Game Description: My World, My Way features Elise, who is a beautiful princess and has been given everything she's ever wanted. Upon turning 15, she realizes there's only one thing in the world she lacks, a handsome boyfriend. She sets out to remedy this by asking her father to hold a ball in her honor, to which every prince is invited to come and try his hand at wooing her. However, only one young man catches Elise's eye, and, as it turns out, he is no prince, but an adventurer. Knowing that fate itself has ordained him as her true love, she confesses her desire to share in his life. Unfortunately, he rejects her and only alternative is to prove to him that she can be an adventurer on her own. Much to the Kingdom's shock and dismay, Elise, the clueless princess, sets out on her adventure. It's her world, her way, and as long as she can help the weak, slay the monsters, and win enough fame, she'll get her happily ever after.
HIGH Clever writing and meta commentary on RPGs.
LOW Shallow, repetitive game design that grows stale almost immediately.
WTF Most of the game has been cannibalized from Master of the Monster Lair.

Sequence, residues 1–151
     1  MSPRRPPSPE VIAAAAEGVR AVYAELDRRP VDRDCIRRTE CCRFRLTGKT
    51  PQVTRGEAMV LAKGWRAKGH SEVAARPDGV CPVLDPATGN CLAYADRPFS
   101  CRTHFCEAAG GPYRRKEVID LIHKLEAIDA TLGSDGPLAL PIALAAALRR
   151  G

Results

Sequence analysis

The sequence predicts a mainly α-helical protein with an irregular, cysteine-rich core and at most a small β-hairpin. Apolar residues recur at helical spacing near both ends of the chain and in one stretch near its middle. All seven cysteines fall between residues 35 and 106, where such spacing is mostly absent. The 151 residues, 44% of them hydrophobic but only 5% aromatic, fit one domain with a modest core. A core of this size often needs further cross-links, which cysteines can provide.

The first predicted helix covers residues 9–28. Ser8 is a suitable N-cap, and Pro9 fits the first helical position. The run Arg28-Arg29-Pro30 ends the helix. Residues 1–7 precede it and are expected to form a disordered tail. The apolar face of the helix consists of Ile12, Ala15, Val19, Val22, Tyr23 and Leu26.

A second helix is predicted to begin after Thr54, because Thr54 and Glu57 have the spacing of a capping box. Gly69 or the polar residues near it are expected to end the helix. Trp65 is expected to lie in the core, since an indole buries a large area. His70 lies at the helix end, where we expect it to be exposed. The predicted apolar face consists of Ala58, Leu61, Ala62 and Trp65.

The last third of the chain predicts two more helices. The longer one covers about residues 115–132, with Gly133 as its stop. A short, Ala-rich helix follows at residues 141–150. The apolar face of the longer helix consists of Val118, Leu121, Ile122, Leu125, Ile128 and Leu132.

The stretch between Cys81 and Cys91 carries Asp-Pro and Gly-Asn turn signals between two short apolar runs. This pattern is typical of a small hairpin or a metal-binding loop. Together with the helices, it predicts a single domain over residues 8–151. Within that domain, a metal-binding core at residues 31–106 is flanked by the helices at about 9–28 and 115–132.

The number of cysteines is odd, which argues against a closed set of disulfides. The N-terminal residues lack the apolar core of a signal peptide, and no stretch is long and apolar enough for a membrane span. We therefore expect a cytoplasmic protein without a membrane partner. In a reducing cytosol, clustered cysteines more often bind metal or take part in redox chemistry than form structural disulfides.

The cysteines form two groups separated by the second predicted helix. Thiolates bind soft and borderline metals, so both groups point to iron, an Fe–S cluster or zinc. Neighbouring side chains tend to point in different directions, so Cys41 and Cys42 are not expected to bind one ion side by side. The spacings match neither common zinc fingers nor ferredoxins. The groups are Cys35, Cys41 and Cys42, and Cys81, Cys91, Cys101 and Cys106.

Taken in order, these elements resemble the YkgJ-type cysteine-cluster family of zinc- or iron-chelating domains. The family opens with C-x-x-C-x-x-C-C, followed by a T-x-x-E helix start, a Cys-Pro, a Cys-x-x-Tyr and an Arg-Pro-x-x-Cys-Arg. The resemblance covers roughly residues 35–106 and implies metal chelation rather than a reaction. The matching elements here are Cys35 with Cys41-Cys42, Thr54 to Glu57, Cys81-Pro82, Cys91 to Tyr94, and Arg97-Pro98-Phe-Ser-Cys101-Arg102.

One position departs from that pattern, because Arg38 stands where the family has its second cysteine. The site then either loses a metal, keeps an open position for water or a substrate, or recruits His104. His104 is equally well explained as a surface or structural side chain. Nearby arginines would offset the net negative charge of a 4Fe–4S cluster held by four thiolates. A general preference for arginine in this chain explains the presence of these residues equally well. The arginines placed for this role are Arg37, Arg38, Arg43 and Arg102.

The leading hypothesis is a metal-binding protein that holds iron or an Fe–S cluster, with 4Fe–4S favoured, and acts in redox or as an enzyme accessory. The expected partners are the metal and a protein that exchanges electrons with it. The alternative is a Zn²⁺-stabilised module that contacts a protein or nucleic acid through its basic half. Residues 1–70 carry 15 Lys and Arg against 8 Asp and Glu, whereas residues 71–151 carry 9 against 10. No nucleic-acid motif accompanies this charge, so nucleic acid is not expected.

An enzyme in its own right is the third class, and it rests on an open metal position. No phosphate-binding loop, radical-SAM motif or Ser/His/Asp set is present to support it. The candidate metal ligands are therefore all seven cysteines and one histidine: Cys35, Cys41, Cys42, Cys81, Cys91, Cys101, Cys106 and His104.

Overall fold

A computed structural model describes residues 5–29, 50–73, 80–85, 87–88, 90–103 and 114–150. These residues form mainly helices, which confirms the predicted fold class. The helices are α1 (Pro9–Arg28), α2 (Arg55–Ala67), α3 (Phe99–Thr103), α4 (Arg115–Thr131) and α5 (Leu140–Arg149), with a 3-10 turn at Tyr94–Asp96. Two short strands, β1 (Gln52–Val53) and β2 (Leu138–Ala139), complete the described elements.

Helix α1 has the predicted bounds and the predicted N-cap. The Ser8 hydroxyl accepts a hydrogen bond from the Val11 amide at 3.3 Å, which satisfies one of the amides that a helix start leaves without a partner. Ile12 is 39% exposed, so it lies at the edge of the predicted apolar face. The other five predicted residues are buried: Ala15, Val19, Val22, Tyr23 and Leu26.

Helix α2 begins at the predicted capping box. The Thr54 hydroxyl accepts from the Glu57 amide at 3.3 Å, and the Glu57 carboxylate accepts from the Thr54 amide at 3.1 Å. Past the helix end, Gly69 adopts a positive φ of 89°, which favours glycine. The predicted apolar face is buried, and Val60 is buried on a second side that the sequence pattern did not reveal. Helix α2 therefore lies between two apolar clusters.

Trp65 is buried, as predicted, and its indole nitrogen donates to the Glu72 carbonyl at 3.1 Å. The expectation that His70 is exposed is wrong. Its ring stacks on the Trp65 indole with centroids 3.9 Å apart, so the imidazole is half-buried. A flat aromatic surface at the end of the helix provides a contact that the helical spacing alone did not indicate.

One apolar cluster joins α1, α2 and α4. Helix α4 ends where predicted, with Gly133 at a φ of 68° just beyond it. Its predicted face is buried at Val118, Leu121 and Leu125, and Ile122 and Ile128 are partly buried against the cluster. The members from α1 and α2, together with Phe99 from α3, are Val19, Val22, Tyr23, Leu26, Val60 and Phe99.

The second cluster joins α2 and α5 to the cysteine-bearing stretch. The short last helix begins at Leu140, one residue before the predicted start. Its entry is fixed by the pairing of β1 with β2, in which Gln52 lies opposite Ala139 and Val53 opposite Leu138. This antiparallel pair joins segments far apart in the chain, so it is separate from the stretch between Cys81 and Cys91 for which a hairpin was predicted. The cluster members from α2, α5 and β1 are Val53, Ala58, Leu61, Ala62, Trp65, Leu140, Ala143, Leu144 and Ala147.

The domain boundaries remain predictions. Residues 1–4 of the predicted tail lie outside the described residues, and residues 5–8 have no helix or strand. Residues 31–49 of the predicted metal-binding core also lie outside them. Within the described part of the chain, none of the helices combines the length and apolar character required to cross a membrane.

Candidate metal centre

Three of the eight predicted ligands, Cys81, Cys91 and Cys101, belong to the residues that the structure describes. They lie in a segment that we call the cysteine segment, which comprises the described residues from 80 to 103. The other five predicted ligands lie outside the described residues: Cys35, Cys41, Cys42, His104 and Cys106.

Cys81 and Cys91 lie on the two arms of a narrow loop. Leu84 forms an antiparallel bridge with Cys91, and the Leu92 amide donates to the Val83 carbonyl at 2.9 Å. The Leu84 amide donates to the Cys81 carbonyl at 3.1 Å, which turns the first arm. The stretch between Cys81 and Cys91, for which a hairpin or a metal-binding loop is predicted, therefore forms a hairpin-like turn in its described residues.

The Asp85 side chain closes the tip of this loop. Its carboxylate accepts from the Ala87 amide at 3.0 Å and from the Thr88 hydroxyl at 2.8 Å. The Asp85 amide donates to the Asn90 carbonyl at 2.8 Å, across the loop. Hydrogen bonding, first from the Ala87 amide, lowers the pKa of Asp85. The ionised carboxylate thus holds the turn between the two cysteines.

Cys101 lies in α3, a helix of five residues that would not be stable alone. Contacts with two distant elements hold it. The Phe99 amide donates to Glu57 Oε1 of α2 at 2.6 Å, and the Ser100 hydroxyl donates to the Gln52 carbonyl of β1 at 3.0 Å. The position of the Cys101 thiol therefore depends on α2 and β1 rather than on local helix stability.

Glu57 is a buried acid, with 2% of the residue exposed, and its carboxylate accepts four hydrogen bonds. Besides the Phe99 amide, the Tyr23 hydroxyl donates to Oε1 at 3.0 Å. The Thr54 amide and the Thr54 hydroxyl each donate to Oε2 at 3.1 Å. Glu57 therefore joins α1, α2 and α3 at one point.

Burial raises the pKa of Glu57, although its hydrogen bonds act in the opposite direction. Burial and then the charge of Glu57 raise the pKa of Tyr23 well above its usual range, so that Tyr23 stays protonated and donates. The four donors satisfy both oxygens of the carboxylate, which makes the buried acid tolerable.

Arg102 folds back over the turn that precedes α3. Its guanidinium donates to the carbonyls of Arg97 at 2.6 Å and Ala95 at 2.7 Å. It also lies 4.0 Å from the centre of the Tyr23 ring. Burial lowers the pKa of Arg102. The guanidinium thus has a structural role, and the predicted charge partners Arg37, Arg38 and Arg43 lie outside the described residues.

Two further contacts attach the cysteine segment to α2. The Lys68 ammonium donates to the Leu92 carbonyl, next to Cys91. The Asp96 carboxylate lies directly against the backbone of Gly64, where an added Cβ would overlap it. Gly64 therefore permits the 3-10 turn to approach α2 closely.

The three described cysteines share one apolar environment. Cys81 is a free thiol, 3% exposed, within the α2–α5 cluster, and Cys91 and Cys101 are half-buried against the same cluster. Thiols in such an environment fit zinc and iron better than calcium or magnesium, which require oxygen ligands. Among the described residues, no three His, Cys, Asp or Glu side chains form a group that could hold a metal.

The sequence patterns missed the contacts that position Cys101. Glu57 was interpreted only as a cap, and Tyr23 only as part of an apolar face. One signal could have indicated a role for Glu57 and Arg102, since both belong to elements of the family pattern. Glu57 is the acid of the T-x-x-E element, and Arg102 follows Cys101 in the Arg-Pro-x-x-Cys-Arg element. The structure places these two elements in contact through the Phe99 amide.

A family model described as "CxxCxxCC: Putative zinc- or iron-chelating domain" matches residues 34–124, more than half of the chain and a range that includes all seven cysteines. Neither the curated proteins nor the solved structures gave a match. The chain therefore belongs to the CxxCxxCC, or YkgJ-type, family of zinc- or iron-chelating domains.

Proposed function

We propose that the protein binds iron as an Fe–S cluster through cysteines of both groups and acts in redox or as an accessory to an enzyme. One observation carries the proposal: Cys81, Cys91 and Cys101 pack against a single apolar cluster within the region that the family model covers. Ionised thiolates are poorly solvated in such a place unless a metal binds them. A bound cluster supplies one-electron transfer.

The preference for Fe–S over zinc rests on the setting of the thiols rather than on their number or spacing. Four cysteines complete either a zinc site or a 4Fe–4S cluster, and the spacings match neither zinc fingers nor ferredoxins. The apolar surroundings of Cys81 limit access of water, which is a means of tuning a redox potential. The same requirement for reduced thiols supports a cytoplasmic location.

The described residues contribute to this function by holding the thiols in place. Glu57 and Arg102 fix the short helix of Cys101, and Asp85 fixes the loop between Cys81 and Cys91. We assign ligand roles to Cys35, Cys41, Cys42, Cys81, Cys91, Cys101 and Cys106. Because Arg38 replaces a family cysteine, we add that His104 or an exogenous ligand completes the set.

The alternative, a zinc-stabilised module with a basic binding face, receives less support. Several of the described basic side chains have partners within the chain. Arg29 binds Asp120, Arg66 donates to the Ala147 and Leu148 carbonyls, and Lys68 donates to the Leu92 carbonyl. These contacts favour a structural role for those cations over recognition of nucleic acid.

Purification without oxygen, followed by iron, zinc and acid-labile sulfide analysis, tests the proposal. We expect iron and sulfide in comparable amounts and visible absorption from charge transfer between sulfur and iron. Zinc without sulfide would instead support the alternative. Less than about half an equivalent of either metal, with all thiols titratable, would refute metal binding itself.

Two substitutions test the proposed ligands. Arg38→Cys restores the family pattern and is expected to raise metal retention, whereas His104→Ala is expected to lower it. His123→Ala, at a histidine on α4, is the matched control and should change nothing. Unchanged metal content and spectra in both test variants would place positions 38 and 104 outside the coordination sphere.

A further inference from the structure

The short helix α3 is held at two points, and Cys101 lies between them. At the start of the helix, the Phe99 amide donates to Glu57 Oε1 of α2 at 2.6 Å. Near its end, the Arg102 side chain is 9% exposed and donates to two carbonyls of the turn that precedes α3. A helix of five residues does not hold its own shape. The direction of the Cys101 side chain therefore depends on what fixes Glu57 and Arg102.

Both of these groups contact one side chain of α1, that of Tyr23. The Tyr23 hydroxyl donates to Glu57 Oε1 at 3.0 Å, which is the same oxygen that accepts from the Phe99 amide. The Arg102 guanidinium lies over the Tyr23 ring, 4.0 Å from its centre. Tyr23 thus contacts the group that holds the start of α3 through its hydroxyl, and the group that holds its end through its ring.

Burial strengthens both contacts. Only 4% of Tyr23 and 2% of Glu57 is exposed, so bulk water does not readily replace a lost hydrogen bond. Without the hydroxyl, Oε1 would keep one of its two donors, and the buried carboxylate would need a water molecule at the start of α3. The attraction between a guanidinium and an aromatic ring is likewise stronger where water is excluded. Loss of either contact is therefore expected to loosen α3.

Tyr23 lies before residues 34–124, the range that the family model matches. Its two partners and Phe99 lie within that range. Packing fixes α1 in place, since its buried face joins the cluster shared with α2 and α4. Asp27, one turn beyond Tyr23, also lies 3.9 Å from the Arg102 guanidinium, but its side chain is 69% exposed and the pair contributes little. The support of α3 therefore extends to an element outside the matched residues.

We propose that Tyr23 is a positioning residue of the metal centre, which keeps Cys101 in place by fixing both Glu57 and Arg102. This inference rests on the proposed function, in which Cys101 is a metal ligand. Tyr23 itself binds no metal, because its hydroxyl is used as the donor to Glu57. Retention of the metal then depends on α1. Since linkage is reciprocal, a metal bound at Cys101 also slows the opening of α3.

I have to admit, I'm a sucker for a great premise. The gameplay can be just so-so, and the production values don't have to be very high, but a novel idea or a unique spin behind a title can go a long way towards earning a game's way into my good graces. Originality and freshness count for a lot in my book. However, even the most unique premise has got to meet me halfway. Role-playing game My World, My Way by Global A has its head in the right place. It really does. I was completely prepared to sing its praises and call it a cult hit in the making, but the truth is that everything except its main conceit has a long, long way to go.
Highly unorthodox, the main character in My World, My Way isn't an amnesiac hero or a spiky-haired teenager. No, the star of this show is a spoiled-rotten princess named Elise, and her particular spin on things is that she's so good at sulking, throwing tantrums, and getting her way, that pouting can actually solve her problems. The main issue at hand? The one boy she's got her eye on has no interest in a girl who gets things handed to her on a silver platter. Her solution? Go out and become a rugged adventurer. With experience points comes love, or at least, so she thinks.
Global A (and the always-superb Atlus translation department) have a talent for comical situations and humorous one-liners, and My World, My Way is no exception. The game makes plenty of meta-jokes about its status as a role-playing game, and some of the offbeat situations that pop up would simply be absurd if not for the humor that makes them palatable. For example, there's a running gag throughout the game about why all village townsfolk look alike (they're the same group of actors running from place to place) and lots of commentary about how the princess literally needs experience points and laments her lack. It's smart stuff and I laughed more than once, and for that I give it praise.